Going into Saturday’s semi-final (for free if you had a lanyard) against Richmond Knights (who had their breakfast together around a round table!), I felt we had a slight psychological advantage (I’m surprised I can spell that) in that we were like an egg before it’s made into an omelette – unbeaten – whereas they had lost twice to us in earlier friendlies (If there is such a thing in competitive sport).
This, however, would count for as little as what I like about the world’s most arrogant football manager (JM) i.e. nothing if our young team let their nerves get the better of them. In an attempt to settle them, I considered using a cattle prod but plumped for asking them to try to be excited rather than nervous (but not too excited). No bouncing off the ceiling as if they’d scoffed 3 packets of Haribos!
Having travelled down to play Richmond twice, I was aware of what to expect from their well-coached, hard-working group of thoroughly likeable young athletes. Defensively, they are like dry cleaners – they press! Offensively, they rely on driving to basket (rather than taking the bus or walking) and have 3 very capable left-handed guards plus a talented England off-guard. (I was hoping she would be!)
Their captain is extremely adept at stealing the ball off the dribble so my plan was to use 2 guards to pass the ball through the press to negate this. Their team lacks any genuine height so I was confident we could out-rebound them. Defensively, I believed we could match-up our best defenders with their highest scorers.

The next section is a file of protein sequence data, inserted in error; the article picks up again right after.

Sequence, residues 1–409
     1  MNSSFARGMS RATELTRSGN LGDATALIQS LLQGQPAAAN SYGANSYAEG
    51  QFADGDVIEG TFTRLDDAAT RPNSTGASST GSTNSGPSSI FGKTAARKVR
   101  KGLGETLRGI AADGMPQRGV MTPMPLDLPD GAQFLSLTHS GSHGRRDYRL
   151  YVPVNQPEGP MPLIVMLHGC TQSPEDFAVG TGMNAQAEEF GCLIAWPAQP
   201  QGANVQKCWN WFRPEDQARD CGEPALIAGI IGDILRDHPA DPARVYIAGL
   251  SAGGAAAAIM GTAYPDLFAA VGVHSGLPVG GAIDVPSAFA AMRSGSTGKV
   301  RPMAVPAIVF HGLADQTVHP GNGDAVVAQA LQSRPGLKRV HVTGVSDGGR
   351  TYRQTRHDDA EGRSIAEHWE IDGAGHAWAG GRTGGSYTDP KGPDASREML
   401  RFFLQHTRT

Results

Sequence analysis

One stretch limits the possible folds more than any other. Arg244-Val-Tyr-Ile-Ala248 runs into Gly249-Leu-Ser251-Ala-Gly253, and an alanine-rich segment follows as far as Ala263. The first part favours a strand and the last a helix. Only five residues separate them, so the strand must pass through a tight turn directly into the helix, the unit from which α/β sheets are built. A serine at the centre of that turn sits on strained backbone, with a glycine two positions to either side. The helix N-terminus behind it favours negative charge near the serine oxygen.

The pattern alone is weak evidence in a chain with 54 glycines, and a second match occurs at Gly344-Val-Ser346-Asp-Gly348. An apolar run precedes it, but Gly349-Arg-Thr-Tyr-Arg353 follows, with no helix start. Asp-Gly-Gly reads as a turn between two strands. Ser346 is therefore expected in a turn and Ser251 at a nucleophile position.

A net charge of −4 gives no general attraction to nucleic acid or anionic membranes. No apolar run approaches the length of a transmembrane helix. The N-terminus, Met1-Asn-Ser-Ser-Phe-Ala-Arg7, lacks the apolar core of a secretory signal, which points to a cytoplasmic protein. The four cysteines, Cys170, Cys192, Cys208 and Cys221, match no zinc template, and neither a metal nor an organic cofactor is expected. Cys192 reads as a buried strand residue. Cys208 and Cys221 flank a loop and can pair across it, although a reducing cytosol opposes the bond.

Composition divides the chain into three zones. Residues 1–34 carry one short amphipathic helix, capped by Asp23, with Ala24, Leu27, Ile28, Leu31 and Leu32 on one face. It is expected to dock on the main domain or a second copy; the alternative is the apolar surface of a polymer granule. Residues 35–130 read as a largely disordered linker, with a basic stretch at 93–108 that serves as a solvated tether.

In the event, possibly more by luck than judgement – and this is where you are all supposed to interject and say ‘of course it wasn’t by luck’ – the plan worked more efficiently than Arsenal’s tactics do these days and outstanding team defence restricted our opponents to a mere 12 points in the whole of the first half. In their brief match summary, BE described our defence as ‘stingy’ which must be the only time this word has been used as a compliment (assuming we don’t mind being associated with Scrooge or my uncle Dave who is as tight as a 20 stone man in a size 8 shirt.)
The 11 Mystics responsible for being so uncharitable to our opponents were, in number order, Anna Collier, Holly Stones, Jouna Albaid, Daisy Bryan, Emily Taylor (3 of whom are eligible to play at this level next season), Olivia Forster, who sadly isn’t, Anita Oboavwodou (who also sank 3 out of 4 free throws), Saffron Murphy, Esha Nayar, Jo Vourliotis and Eleni Vourliotis.
Leading by as many as 20 at half-time at 32-12 meant that it was now a question of maintaining composure and keeping things simple to minimise mistakes. In a low key second half, the girls did just that but still managed to extend the margin to 27 before relaxing a tad too much near the end – one or two of them had actually dropped off and snoring could be heard! With every Mystic getting well into double-figure minutes on court, we ran out worthy winners. The whole team contributed positively but specific mention goes to Daisy, Emily, Olivia and Saffron for preventing any of their usually high-scoring immediate opponents from getting double figures, to Eleni, Anita and Esha for their rebounding prowess, to Olivia, Saffron and Emily for leading all scorers and to Jo, Holly, Jouna and Anna for their highly effective help defence. Keeping such a competent team as Richmond to 38 points meant that no U14 team had yet managed to score 50 or more against us all season.
It would be a big ask, given the importance of the occasion and the ability of whoever we played in Sunday’s National Final, but if we could maintain that proud record, we would have a great chance of being crowned national champions. My task now was to assess our potential opponents in their semi-final and make notes that I could read afterwards! To be continued!